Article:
Fritters—Batter and Frying
2 cups a-p flour
1 ¾ cups sparkling sweet cider
¼ cup strained cooking liquid from pumpkin
2 eggs, separated
Mixture of corn oil and lard for frying
Heat 2” of oil and lard to 375 F. A deep, heavy frying pan of at least 12” is good for this.
Combine the flour and salt. Separate the eggs and beat the whites until just stiff; drop the yolks into the flour. Strain the juices from the pumpkin into a 2-cup measure; you should have about 1/3 cup. Remove 2 T and reserve for the yogurt sauce, below. Fill the measure to the 2-cup line with the sparkling cider. Gradually add about 1 ½ cups of the liquid to the flour, first stirring with a wooden spoon and then whisking to remove lumps; I don’t bother to strain for this. When reasonably smooth, gently fold in the remaining liquid and the beaten egg whites. With this amount of liquid, the batter will make a relatively light coating; if you want it heavier, cut the liquid by ¼ to ½ cup.
Drop a half-dozen pumpkin pieces into the batter at a time to coat, then lower them into the hot fat. Cook, turning once, until they are a uniform golden brown. Remove to paper towels to drain. Serve as you go, or keep them warm in a 200 F oven while you fry the rest. The pumpkin will now be perfectly tender. After it has cooled, strain the fat into a large spouted cup or bowl, pour it into a bottle or jar, and save it in the refrigerator for another use.
Yogurt Sauce and Serving
8 oz Greek-style plain yogurt
¼ cup 100% maple syrup
2 T strained cooking juices
Powdered (10x) sugar mixed with cinnamon-sugar for dusting
Blend the yogurt with the maple syrup and reserved cooking juices in a small bowl; garnish with a dash of cinnamon. Sprinkle the fritters generously with the 10x-sugar-cinnamon mixture, and serve with the yogurt sauce and some good, strong coffee.
Safety Note: Pumpkins are hard and unwieldy, so take great care when cutting. Use a small, sharp knife with a rigid blade such as a good-quality 4” parer or an inflexible 6” boning knife; a chef’s knife or cleaver, while perhaps your first instinct, is dangerous for this. Cut the top out first, making small connecting cuts all around; remove, then cut down each side until you can pop it apart. Rinse/dry your hands frequently while cutting; they get slippery. When peeling, be sure to direct the peeler or knife away from you while holding the pumpkin firmly, flesh-side down, on a cutting board.
Monday, November 19, 2007
Friday, November 16, 2007
2 generous cups fresh or frozen whole cranberries
1 hard pear or apple, peeled, cored, and chopped
¾ cup chopped onion
2 T finely minced fresh peeled gingerroot
Zest of a large navel orange
¼ cup fresh sweet apple cider
¼ cup cider vinegar
½ cup light brown sugar
1 tea chocolate extract (optional)
½ tea Dutch ground caraway
¼ tea salt
¼ tea red pepper flakes
1/3 cup walnut meats, broken into small pieces by hand
10 oz very sharp, well-aged white cheddar
1 T flour
½ tea Dutch ground caraway
2/3 cup cranberry chutney, approximately
Photo of cranberry harvest in NJ by Keith Weller, courtesy U.S. Agricultural Research Service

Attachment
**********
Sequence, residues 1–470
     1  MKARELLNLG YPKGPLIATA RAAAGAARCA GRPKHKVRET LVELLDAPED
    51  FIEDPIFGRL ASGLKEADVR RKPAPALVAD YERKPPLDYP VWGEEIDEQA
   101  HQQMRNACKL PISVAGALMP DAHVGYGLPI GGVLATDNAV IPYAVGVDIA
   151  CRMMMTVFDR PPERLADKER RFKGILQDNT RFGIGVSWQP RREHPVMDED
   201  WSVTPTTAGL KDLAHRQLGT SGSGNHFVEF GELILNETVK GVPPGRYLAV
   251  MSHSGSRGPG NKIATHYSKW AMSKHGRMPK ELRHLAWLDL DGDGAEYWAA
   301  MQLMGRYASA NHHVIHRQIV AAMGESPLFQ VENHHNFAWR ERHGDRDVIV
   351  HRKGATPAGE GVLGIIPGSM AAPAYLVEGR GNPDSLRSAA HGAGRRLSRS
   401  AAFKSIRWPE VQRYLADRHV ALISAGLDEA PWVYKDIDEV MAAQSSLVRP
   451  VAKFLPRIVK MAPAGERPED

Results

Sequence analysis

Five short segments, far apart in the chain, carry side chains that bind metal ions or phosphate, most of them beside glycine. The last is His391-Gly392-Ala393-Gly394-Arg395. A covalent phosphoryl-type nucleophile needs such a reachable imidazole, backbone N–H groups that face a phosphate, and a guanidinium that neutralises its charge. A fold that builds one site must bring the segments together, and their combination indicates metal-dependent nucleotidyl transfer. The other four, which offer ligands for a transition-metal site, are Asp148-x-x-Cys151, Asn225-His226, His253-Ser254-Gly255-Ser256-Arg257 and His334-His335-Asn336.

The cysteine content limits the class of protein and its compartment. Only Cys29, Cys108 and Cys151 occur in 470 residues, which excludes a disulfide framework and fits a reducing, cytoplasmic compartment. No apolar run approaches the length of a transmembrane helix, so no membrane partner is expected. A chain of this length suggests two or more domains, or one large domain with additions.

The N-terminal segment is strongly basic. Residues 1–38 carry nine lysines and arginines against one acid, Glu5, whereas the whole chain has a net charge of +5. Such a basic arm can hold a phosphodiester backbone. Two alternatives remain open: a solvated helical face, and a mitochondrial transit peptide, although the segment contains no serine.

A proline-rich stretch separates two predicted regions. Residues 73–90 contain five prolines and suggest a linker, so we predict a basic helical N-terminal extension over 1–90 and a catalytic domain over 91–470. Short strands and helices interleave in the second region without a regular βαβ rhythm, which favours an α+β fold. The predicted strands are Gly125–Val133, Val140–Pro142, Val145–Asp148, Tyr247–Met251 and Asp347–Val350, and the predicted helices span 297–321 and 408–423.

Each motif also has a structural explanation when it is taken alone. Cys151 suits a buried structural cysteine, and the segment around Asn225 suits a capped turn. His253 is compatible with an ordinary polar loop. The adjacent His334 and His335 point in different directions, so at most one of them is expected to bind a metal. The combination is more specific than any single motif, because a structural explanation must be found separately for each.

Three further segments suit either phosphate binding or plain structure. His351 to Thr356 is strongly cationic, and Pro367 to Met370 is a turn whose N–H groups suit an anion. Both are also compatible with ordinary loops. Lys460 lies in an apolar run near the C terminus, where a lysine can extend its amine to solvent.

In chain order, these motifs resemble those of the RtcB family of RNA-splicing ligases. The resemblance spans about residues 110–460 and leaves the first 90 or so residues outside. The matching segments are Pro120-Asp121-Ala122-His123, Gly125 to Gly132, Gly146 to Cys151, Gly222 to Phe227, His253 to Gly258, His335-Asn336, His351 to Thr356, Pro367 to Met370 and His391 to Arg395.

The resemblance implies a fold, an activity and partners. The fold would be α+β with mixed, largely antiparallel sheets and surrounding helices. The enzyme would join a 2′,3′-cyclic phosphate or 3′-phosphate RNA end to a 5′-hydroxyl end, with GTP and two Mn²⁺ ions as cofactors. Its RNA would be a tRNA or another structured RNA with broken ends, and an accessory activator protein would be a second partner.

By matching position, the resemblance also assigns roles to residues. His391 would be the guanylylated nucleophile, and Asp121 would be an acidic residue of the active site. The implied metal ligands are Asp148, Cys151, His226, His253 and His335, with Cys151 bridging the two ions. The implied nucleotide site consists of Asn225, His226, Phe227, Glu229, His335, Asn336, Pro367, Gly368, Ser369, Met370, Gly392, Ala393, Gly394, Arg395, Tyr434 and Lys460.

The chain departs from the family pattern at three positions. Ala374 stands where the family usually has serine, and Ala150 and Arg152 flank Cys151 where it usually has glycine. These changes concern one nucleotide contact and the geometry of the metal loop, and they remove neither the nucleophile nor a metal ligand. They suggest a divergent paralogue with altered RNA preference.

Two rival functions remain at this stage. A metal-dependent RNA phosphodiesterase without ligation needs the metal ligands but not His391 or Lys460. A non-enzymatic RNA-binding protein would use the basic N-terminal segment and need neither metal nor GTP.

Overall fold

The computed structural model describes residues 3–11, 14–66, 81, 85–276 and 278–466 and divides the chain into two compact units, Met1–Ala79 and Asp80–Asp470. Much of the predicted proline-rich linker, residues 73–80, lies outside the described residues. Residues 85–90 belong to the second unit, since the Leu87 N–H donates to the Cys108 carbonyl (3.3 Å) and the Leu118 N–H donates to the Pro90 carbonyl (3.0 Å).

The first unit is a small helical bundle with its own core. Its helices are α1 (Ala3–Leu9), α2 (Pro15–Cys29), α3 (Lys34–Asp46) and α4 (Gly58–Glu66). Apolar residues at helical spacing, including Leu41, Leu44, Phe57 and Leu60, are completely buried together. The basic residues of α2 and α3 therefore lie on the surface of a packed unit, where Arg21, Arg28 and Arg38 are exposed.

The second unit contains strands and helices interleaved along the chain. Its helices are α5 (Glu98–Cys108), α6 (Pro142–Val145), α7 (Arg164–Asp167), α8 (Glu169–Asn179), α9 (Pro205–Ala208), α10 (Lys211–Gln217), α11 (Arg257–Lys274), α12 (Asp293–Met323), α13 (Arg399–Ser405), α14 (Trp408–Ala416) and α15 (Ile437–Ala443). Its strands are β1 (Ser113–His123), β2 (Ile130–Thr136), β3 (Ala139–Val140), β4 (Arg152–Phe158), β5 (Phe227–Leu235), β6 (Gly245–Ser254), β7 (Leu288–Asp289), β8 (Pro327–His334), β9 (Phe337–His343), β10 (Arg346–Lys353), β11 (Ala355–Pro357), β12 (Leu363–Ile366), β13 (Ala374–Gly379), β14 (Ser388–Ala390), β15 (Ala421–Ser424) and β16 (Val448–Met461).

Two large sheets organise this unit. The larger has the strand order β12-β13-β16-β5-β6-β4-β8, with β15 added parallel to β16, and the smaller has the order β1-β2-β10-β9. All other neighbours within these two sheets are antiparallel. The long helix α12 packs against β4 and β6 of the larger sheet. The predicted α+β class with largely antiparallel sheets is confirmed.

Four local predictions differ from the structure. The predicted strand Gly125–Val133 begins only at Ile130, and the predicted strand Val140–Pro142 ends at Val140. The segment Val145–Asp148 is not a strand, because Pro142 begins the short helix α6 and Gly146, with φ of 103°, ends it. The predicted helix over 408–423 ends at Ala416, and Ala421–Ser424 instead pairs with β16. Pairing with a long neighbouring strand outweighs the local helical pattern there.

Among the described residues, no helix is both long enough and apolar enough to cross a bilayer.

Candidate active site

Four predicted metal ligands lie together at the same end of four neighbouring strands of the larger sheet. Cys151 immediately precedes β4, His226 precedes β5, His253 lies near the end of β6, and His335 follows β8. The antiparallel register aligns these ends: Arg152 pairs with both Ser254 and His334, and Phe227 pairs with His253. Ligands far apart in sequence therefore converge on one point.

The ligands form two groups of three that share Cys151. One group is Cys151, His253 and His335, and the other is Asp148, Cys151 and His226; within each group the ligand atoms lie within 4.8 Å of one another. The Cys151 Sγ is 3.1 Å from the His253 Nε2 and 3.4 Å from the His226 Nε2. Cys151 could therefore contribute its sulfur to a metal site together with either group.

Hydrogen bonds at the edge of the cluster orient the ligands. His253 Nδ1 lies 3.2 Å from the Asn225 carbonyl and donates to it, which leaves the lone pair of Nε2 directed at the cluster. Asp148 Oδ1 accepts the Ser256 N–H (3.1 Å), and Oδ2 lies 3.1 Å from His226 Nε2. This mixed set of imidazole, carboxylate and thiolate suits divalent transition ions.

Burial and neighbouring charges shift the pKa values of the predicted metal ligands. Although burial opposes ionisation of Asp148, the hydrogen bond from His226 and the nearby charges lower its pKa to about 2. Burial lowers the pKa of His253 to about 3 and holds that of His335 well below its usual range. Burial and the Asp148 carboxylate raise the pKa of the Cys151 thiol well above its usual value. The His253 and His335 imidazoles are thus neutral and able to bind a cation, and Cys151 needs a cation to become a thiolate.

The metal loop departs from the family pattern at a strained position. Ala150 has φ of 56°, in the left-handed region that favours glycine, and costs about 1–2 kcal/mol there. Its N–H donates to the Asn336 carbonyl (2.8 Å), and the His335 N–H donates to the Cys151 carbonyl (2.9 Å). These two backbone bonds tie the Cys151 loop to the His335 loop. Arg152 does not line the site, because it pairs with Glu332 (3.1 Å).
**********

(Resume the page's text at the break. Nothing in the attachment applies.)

Sunday, November 11, 2007
We knew it couldn’t last. Warm days begat cool nights and finally, inevitably, one morning you walk out to find your thumping-hard pumpkin collapsed on the deck: first frost. So comes the end of late-fall lettuce and tomatoes, tender beans. It’s over. Not that there won't be some brocolli, or a few root vegetables. But the thrill is gone.
I’ve been traveling this past week, and have been nowhere near a kitchen. I’ve eaten quite well, though: fat pancakes, the kind I don’t usually care for, fluffy, tender, and good. A mess o’ pork barbecue with greens, slaw, spicy beans, corn cakes, potato salad; we happened by when the owner was there, and because I was from out of town, I got a free sampler plate of every smoked meat the house made: large pork ribs, pulled pork, short ribs, chicken, kielbasa, and pigs feet. It was dandy. On from Nashville to Louisville, I had, hands down, the best steak I have ever had, with the best classic sides I’ve ever had (including a pristine iceberg wedge with Maytag blue cheese dressing and flavorful little red and yellow tomatoes), at the amazing Jeff Ruby’s. The place bears no physical resemblance to traditional New York houses Peter Luger, Keen's, or the original Smith & Wollensky. It’s glitzy, even shiny. But the steaks, house-aged like Luger’s, are better. They come to table looking charred and black; sitting at the bar, I could see them arriving all around me, wondering if people had ordered them well done, perhaps "burnt." My strip arrived looking the same. Under that blackened crust—an edge, really—was the most perfectly, evenly cooked steak of my long steak-eating experience. It had been placed on a generous amount of absolutely fresh and sweet Worcestershire butter, which had melted across the plate and offered the ideal sauce to every rich and flavorful bite. The meat was so well seasoned it didn’t need a speck of salt. Truly, you could live anywhere as long as they had steak like this, and a good bakery.And it makes the passing of summer sweet sorrow; we know there are other, soul-warming pleasures ahead. Nevertheless, in tribute to the gifts of summer, here is a final salute, a visual if not veritable feast, of the Rhode Island growing season. Each photo was taken the day of harvest, and each item was eaten at peak flavor, a taste memory that will tide me over through a winter that, carried on the shoulders of a great steak, need not be one of discontent.